Your Top 10 Takeaways from ISA’s 2018 Annual Business Retreat

It’s only been a few months since we left the desert skies of Tucson and the ISA community at the 2018 Annual Business Retreat, but if you’re like most of us, that respite from the whirlwind seems like it was an eternity ago.

As we know, learning doesn’t last without a reinforcement, especially when you already have a very full plate. So hopefully, you’re keeping connected with your ISA colleagues — directly as well as through avenues like the LinkedIn group and the upcoming C-Level Forum — because they’re your trusted source of ongoing inspiration, advice and ideas.

But we also wanted to give you the opportunity to take a quick mental trip back to Tucson to refresh your perspective and rekindle some of the learnings the group took away from this year’s retreat. In each day’s evaluation form, we asked you, “What one thing do you plan to do with what you learned today?” Below, we’ve compiled some of the top themes that came up again and again on the evaluations. If you weren’t able to join us this year, this will also give you a taste of what you missed (okay, minus the afternoon tequila toast). Reach out to your fellow members to dig deeper and keep the conversation going!

  1. Rethink the old systems. Margaret Heffernan’s provocative keynote challenged us all to reimagine some of the “tried and true” mechanisms in business, from KPIs, metrics, competition and forced rankings to financial incentives and performance management. A number of members say they’re now rethinking systems that, as Margaret put it, “overrate metrics and underrate human beings.” A mantra to keep in mind: Trust that people want to do well — because they do.
  2. “It doesn’t matter where you start; just start and don’t stop!” Margaret talked about some pretty lofty challenges, but she encouraged people to stop worrying about the “big idea” and focus instead on where you can make an impact now. The lens she offers: Look at the intersection of where you have resources, a need and passion. One ISAer plans to “look at the part of the system that I can influence,” while another says the discussion has inspired them to “improve one thing in my company, then the next thing…”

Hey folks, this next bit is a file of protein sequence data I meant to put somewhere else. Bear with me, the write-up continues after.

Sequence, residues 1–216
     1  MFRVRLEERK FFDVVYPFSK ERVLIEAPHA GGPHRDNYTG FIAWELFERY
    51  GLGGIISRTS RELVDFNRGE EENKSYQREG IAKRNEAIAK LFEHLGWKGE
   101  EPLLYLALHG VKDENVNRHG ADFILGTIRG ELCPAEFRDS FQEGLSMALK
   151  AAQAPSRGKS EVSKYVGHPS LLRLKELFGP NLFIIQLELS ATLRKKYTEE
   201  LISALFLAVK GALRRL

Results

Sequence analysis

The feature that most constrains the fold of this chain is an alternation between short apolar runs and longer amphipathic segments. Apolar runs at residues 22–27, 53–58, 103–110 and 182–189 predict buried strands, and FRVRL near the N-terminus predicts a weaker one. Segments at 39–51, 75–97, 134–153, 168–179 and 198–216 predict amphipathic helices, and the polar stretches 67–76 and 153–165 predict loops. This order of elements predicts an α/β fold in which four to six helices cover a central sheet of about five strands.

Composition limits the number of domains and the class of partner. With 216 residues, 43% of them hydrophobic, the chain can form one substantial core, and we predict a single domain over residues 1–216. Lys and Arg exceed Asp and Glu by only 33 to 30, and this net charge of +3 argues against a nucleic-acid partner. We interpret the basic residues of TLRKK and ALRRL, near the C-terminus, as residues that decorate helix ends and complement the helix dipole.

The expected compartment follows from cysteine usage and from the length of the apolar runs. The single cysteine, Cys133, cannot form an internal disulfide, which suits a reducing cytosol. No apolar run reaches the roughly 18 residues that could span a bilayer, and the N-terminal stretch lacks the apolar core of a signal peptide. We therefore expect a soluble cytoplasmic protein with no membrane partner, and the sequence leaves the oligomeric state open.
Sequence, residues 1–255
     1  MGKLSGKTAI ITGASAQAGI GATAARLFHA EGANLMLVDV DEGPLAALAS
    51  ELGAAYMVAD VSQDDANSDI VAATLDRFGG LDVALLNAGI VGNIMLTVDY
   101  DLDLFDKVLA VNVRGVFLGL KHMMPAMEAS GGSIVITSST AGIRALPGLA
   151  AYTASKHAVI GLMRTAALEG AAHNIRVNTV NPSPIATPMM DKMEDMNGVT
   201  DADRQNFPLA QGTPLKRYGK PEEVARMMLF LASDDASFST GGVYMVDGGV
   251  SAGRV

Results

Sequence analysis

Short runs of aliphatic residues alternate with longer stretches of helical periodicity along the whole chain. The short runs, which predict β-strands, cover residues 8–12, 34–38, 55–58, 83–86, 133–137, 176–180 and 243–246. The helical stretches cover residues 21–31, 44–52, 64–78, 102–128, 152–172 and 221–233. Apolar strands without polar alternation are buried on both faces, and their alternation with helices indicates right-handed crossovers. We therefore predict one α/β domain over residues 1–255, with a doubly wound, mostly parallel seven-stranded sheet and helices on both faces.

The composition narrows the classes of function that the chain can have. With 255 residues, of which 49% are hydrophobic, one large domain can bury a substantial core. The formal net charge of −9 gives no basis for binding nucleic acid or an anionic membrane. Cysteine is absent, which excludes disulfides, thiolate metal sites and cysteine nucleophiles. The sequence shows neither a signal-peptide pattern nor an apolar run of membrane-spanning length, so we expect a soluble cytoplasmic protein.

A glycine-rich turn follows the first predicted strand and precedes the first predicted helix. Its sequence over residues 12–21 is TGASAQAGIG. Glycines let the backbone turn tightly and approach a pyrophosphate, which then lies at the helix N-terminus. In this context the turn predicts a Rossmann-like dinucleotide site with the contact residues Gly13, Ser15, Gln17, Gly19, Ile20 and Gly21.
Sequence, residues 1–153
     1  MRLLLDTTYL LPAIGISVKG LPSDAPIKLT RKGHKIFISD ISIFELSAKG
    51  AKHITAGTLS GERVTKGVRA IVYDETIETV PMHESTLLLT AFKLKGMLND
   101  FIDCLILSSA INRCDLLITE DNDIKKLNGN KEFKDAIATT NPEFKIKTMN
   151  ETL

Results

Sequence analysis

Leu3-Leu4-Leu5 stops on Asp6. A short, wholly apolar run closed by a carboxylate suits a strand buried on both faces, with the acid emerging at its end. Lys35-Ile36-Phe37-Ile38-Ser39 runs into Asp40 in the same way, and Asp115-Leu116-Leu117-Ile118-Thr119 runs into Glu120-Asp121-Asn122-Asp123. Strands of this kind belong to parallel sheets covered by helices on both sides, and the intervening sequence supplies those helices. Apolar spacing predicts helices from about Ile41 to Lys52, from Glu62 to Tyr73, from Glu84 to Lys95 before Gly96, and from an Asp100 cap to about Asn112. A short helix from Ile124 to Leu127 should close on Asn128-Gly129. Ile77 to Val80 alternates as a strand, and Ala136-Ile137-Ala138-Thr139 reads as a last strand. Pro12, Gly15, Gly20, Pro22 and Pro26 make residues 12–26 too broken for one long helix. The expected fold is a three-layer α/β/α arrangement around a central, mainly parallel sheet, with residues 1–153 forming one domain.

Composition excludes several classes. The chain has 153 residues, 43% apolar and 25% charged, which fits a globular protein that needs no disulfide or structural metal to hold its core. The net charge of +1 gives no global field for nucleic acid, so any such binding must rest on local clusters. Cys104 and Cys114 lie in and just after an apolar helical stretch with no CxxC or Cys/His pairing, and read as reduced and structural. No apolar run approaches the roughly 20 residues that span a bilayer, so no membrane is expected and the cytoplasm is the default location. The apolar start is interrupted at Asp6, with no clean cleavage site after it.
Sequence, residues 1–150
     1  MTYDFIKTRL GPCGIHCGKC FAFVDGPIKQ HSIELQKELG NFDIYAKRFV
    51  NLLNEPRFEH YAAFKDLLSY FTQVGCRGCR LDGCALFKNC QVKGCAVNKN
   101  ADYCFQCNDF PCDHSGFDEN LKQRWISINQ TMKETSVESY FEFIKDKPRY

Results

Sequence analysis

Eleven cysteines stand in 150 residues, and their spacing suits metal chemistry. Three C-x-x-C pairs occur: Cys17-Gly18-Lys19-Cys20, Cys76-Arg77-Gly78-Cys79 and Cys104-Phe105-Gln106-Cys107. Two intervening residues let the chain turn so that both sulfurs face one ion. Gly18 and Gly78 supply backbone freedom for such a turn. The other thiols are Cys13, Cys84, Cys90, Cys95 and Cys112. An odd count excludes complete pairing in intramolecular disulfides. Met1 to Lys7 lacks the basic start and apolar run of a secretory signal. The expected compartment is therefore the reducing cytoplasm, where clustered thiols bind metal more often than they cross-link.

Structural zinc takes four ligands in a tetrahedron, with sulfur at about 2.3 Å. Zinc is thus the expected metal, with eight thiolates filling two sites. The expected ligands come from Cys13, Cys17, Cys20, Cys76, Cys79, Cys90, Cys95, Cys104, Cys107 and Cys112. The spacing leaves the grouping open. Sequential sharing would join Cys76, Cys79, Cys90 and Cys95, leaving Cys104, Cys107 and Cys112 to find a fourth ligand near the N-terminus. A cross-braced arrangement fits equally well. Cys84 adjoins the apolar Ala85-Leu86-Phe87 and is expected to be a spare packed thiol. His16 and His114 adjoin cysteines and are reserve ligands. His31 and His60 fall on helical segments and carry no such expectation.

3. Rethink talent management objectives and tactics. Beverly Kaye’s thought leadership presentation left many ISAers thinking about how they’re going to implement “stay interviews” to find out what they can do to keep great people, rather than waiting for the exit interview when it’s too late. Others say they’re planning to have more career conversations with peers and direct reports about what they want to continue to learn and in what directions they want to grow.
  4. View limitations as opportunities. Bonnie St. James not only inspired people with her personal story, she energized them with her recipe for resilience, not to mention a “first aid kit for your attitude.” ISAers plan to invest more attention into fueling themselves by implementing her micro-resilience strategies and establishing daily techniques of resilience in business, with the team and in life in general.
  5. Define and align behind our purpose: Bonnie also highlighted the fact that tapping into a sense of purpose gives you more energy and drive. It was a good reminder to many ISAers to reconnect with their purpose and make sure everyone in the company feels connected to the organization’s broader purpose.
  6. It’s okay to get a little uncomfortable. Whether you’re reimagining your business, thinking about external investments or just trying to figure out which marketing tactics make the most sense for your business, there’s no doubt that something you heard is forcing you to go a little outside your comfort zone. And that’s a good thing. As one person said about why Margaret Heffernan’s keynote was a favorite, “It was uncomfortable in the best way possible.”
  7. Reflect on how the work I do intersects with the keynote concepts shared. We know we’re a unique crowd as ISAers. Many of the concepts presenters talk about are relevant not only to the business of our businesses but also to the actual work we do. Several members commented about how they will be incorporating some of the ideas into their client work. And others were inspired by the nuts and bolt of the sessions and the books – thinking ahead to their next keynote presentations and book projects.
  8. Spend more time with like-size companies. One of the most-repeated comments (besides that perennial training evaluation comment that the rooms were too cold) was that people just couldn’t get enough of that like-size time! The sessions yielded great practical advice and ideas, and ISAers are hungry for more. Think about how you might keep those conversations going in the “off season,” and get in touch with ISA if you have suggestions on how to extend the value of these breakouts.
  9. Share insights with my team. Another common refrain was the intention to go back and meet with the team to identify what to do and how to execute on some of the great things learned in Tucson. Now’s a good time to look back at what you said when all these insights were still fresh and track how you’re progressing against those plans.
  10. Get to know as many ISAers as possible! We had a tremendous turnout of new members and first-time attendees at this year’s ABR, which may be why this was such a recurring theme, but the advice applies to all: Follow up with the people you met to get into more detail, leverage the connections you made and help where you can. The collective intelligence of ISA members is your unbeatable and highly valuable source of advice and expertise all year long.

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